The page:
rudder

The Greek that is translated as “(small) rudder” in English is translated in Yatzachi Zapotec as “(a small) stick,” in Mezquital Otomi as “a (little) metal,” in Rincón Zapotec as “(little) wooden hand” (source: Ellis Deibler in Notes on Translation July, 1967, p. 5ff.), and in Tetelcingo Nahuatl as “board to steer” (source: Ronald D. Olson in Notes on Translation January, 1968, p. 15ff.).

See also ship and anchor.

riches have rotted

The Greek that is translated as “your riches have rotted” or similar in English is translated in Guhu-Samane as “your riches stink” (source: Ellis Deibler in Notes on Translation July, 1967, p. 5ff.).

every species of beast and bird and of reptile and sea creature

The Greek that is translated as “every species of beast and bird, of reptile and sea creature” in English is translated in Rincón Zapotec as “every animal of the field which walks on the earth, and every winged animal and the snakes dragging their stomachs on the earth and also every animal in the sea.” (Source: Ellis Deibler in Notes on Translation July, 1967, p. 5ff.)

See also birds or four-footed animals or reptiles.

elders of the church

The Greek that is typically translated as “the elders of the church” in English is translated as “the old men who believe” in Sayula Popoluca, “those who care for the assembly of Christ” in Rincón Zapotec, “those in authority among the brothers” in Central Mazahua, and “the supervisors of the creed” in Guhu-Samane (source: Ellis Deibler in Notes on Translation July, 1967, p. 5ff.).

See also elder.

anyone who has committed sin will be forgiven

The Greek that is translated as “anyone who has committed sin will be forgiven” or similar in English is translated as “if there is his sin the one who is healed his sin will be lost also” in Tzotzil, “that sick one has been healed, his sins the Father has pardoned” in Mezquital Otomi), and “and if sins are the cause of our sickness, it will be forgiven us” in Eastern Highland Otomi) (source: Ellis Deibler in Notes on Translation July, 1967, p. 5ff.).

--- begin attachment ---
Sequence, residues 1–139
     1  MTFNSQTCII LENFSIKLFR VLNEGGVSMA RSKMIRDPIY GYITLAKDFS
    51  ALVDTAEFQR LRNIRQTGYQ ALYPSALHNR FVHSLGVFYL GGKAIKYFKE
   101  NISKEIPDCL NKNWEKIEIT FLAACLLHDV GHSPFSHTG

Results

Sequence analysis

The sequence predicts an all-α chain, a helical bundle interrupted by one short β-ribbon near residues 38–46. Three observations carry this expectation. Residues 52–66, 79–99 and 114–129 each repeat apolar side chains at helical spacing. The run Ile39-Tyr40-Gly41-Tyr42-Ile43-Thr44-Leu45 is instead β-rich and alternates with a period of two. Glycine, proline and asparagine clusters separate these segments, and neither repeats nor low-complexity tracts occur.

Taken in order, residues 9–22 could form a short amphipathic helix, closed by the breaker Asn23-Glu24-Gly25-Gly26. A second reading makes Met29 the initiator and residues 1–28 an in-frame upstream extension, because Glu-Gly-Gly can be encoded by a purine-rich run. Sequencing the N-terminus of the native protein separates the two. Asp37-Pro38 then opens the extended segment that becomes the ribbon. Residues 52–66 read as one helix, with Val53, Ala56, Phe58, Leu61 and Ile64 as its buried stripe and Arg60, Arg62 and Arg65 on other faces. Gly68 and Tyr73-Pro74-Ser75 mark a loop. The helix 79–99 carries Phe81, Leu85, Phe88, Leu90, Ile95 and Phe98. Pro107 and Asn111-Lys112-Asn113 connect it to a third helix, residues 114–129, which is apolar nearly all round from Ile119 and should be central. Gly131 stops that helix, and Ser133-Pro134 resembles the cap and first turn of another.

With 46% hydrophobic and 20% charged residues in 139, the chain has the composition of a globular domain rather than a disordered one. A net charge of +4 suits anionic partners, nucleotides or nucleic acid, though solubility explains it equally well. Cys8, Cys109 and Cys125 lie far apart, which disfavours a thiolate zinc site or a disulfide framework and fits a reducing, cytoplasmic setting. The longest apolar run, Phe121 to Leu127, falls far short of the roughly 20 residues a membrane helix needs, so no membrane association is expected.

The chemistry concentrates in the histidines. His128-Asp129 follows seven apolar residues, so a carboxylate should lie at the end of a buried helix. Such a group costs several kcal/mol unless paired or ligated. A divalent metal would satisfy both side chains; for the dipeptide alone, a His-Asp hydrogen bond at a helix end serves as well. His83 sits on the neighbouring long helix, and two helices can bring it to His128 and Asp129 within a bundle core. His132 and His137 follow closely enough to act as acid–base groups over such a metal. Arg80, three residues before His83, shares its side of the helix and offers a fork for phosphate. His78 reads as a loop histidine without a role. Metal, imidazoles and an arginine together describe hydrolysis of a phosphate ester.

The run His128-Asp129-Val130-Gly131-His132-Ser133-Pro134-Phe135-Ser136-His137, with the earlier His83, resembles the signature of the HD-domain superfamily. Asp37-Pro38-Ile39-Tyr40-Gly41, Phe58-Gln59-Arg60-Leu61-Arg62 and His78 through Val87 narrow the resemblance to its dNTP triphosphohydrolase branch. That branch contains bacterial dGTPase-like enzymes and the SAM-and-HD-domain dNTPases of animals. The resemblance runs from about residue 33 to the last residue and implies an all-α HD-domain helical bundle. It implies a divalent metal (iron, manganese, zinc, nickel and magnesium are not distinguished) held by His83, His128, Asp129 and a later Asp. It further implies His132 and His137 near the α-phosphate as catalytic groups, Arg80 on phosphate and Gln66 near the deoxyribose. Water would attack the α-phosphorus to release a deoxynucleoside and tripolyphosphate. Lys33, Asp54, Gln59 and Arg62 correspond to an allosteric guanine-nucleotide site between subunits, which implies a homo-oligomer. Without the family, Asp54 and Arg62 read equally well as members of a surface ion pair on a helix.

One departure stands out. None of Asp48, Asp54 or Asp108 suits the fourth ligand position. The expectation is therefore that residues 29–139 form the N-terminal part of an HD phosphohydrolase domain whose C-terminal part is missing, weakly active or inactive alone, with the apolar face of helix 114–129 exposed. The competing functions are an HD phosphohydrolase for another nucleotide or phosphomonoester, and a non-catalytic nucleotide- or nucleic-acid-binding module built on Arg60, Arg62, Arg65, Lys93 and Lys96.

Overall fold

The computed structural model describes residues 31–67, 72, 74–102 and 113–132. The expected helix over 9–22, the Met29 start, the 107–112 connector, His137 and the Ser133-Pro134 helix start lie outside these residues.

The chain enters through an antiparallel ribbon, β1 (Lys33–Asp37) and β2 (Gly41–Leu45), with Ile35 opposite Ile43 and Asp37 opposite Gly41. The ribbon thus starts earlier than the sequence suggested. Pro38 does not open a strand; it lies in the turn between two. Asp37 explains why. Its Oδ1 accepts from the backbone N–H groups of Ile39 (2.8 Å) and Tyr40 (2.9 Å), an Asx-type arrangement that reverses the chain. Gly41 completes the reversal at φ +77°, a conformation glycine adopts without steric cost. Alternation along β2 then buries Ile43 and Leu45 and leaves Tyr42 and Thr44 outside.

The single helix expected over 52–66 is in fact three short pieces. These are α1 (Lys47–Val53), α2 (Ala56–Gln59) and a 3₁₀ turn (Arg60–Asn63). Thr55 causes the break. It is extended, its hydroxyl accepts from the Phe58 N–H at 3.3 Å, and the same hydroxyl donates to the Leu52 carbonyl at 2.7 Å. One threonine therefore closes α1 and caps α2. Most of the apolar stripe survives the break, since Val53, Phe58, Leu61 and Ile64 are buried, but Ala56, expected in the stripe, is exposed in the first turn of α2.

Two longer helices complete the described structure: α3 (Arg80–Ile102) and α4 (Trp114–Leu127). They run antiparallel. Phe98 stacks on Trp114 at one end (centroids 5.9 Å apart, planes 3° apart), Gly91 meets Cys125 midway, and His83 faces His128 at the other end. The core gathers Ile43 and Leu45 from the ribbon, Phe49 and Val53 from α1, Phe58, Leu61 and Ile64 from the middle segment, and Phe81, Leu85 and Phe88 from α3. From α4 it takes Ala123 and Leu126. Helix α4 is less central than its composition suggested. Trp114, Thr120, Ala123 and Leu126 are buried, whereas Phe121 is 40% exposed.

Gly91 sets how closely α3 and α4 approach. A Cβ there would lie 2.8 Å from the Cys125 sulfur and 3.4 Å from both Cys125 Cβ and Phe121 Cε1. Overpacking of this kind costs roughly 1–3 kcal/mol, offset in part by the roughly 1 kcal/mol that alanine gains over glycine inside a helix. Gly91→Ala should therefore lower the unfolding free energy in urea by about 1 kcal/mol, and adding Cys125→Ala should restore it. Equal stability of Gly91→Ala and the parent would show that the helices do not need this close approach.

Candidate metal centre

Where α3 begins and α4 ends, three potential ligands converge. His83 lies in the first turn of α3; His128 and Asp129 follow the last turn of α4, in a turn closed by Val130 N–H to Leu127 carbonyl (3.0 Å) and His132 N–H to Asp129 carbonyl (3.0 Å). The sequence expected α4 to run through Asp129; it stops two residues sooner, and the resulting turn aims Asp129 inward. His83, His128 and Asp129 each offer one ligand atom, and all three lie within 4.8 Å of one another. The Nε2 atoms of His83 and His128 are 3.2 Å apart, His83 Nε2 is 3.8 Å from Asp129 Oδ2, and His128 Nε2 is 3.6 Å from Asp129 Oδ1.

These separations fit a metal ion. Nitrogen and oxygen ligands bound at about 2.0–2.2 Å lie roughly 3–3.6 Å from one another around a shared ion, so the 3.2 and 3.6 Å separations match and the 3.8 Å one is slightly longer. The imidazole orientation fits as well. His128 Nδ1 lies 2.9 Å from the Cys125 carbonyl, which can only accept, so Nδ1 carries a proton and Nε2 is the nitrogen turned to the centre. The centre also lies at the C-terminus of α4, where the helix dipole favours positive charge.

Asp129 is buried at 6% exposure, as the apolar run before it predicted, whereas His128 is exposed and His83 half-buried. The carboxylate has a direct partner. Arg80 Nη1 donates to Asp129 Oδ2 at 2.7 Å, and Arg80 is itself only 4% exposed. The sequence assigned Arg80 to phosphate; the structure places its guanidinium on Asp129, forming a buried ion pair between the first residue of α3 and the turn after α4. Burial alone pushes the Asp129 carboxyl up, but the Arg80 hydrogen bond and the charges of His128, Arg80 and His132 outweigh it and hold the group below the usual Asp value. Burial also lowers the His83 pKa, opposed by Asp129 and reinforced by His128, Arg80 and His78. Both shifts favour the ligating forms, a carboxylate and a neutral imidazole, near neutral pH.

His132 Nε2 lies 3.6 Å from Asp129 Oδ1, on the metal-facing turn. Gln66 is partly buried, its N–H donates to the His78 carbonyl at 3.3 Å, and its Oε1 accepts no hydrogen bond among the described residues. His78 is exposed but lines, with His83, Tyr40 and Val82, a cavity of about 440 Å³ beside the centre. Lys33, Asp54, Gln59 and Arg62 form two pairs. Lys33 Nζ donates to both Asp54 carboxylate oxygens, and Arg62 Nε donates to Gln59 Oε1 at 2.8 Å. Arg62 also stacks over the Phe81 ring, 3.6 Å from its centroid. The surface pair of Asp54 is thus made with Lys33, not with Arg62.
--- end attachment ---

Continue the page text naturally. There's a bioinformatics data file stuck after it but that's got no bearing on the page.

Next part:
endurance

The Greek that is translated in English as “endurance” (or “patience”or “perseverance”) is translated in Tzotzil as “(good) strength of heart(s).”

(Source: Ellis Deibler in Notes on Translation July, 1967, p. 5ff.)

slow to speak

The Greek that is translated as “slow to speak” in English is translated as “speak without thinking” in Yatzachi Zapotec.

(Source: Ellis Deibler in Notes on Translation July, 1967, p. 5ff.)

Can a fig tree yield olives or a grapevine figs?

The Greek that is translated as “Can a fig tree yield olives or a grapevine figs?” in English is translated as “What about orange trees? Can also guaves hang there? Or what about a blackberry bush? Do oranges hang there?” in Eastern Highland Otomi and “Think also if an apple tree can give peaches, if an avocado tree can give apples” in Tzotzil) (source: Ellis Deibler in Notes on Translation July, 1967, p. 5ff.).

but ask in faith never doubting

The Greek that is translated as “but ask in faith, never doubting” or “but ask him without doubting” or similar in English is translated as “but when we ask Him to teach us, we must believe that He is listening-obeying us and we must not doubt” in Yatzachi Zapotec and as “but we must think one thing when we sincerely ask for understanding, and not think he won’t give it to us, we’ll think we will be given understanding” in Eastern Highland Otomi. (Source: Ellis Deibler in Notes on Translation July, 1967, p. 5ff.)

See also doubt.